• “Oranges and lemons, say the bells of St Clement’s, You owe me three farthings, say the bells of St Martin’s”
  • “Freedom is the freedom to say that two plus two make four. If that is granted, all else follows”

References and for more details see:

CNBC (2017)’1984′ Sales soar after Trump claims, ‘alternative facts’, CNBC, Janaury 25, 2017. Available at: https://www.cnbc.com/2017/01/25/1984-sales-soar-after-trump-claims-alternative-facts.html. Accessed on 5 October 2019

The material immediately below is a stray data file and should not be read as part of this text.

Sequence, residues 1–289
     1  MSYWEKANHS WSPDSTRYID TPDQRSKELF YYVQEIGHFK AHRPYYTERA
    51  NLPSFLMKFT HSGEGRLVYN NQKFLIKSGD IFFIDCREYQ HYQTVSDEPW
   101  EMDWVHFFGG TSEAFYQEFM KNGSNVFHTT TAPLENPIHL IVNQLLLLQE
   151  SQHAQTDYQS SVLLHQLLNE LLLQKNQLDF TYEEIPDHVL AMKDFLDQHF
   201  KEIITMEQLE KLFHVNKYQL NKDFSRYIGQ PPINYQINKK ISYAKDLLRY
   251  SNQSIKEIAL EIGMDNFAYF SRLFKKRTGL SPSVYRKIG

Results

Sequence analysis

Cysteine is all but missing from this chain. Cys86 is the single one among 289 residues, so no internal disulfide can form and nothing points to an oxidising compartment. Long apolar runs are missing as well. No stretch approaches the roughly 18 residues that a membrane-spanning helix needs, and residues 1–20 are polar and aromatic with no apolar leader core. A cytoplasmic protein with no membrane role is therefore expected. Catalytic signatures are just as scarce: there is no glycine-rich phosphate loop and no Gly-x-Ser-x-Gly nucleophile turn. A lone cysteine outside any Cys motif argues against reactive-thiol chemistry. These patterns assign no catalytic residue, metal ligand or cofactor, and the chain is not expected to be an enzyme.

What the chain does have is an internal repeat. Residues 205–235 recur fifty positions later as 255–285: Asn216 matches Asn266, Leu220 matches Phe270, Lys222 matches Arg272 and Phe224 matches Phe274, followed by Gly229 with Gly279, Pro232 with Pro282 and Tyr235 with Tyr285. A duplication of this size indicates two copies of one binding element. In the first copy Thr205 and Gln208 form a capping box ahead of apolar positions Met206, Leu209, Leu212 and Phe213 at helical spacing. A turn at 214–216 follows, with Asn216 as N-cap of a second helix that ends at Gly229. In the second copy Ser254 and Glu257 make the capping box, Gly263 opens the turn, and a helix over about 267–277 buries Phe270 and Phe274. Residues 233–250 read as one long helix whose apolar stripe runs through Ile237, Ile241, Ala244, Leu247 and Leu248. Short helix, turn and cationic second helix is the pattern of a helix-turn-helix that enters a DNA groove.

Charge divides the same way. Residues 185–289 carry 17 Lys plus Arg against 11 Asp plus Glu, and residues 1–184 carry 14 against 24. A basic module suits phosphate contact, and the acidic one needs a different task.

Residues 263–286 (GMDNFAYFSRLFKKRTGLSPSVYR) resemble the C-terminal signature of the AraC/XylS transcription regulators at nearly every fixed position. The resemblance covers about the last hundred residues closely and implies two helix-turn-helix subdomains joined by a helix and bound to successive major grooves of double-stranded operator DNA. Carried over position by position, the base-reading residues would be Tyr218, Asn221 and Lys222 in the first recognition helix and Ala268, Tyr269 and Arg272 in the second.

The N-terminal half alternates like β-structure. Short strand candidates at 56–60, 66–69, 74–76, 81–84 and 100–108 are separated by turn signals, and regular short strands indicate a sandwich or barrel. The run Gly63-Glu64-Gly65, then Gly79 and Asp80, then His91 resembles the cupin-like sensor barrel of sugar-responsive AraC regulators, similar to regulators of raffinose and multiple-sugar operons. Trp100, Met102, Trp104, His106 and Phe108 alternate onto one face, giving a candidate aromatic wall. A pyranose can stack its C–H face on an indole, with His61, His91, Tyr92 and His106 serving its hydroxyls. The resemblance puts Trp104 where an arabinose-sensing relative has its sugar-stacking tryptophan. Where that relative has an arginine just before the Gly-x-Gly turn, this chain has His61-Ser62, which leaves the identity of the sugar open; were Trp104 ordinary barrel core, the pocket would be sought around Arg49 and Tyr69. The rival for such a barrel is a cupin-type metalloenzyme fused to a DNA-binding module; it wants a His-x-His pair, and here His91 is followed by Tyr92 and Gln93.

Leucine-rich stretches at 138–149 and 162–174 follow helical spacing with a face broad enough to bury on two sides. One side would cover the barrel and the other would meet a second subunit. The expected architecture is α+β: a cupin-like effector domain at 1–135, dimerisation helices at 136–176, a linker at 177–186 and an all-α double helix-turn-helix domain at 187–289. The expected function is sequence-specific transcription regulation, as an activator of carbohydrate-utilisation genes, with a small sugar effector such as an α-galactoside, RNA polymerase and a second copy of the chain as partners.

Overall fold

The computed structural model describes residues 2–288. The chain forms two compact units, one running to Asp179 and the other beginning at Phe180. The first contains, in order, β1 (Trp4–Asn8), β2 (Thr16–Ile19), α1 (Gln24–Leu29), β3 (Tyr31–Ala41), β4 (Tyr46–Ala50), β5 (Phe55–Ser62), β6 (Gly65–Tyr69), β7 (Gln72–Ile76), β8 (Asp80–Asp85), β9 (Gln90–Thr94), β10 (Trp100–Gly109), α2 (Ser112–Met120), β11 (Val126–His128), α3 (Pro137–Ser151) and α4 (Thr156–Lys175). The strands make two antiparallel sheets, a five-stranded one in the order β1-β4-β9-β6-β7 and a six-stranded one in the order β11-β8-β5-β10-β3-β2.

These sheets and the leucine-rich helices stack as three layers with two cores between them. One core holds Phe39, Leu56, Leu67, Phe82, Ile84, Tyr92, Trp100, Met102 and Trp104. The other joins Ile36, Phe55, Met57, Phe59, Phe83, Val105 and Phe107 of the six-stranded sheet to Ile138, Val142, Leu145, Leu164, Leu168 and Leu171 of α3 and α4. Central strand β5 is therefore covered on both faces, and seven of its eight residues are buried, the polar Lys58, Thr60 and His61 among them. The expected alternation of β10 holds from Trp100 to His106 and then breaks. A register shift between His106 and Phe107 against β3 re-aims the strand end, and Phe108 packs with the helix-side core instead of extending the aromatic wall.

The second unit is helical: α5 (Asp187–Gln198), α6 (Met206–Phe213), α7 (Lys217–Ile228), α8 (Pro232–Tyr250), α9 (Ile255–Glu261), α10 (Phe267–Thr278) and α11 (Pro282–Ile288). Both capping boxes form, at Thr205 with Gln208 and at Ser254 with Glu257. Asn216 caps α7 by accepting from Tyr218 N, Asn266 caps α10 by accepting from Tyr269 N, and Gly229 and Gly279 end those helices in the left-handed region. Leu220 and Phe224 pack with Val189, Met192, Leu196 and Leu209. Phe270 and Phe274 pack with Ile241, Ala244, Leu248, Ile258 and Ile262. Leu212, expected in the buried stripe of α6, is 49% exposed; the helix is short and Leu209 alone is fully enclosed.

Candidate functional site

Freytas-Tamura, K. de (2017) George Orwell’s ‘1984’ Is Suddenly a Best-Seller. New York Times, January 2017. Available at: https://www.nytimes.com/2017/01/25/books/1984-george-orwell-donald-trump.html. Accessed on 6 October 2019.

Lynskey, D. (2019) The Ministry of Truth: The Biography of George Orwell’s 1984. Doubleday.

The Gaurdian (2009) The masterpiece that killed George Orwell. Available at: https://www.theguardian.com/books/2009/may/10/1984-george-orwell. Accessed on 25 August 2019